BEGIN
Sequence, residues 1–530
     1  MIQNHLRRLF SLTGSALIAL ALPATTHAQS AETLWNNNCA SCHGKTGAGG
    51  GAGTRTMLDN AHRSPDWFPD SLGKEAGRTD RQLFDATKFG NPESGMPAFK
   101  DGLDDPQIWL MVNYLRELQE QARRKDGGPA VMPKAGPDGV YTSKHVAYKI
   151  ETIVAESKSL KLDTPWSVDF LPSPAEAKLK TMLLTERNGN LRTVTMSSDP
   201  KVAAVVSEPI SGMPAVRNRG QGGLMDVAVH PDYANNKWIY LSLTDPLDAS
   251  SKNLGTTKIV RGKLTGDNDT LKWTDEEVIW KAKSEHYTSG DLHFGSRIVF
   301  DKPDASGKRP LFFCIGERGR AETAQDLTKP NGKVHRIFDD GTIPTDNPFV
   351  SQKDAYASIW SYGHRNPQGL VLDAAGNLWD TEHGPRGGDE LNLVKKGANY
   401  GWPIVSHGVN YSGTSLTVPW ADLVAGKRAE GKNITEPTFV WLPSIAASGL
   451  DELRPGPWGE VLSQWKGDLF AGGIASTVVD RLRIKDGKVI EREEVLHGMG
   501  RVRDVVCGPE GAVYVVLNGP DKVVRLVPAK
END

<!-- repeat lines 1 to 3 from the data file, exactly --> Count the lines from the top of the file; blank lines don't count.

Sequence, residues 1–530
     1  MIQNHLRRLF SLTGSALIAL ALPATTHAQS AETLWNNNCA SCHGKTGAGG
    51  GAGTRTMLDN AHRSPDWFPD SLGKEAGRTD RQLFDATKFG NPESGMPAFK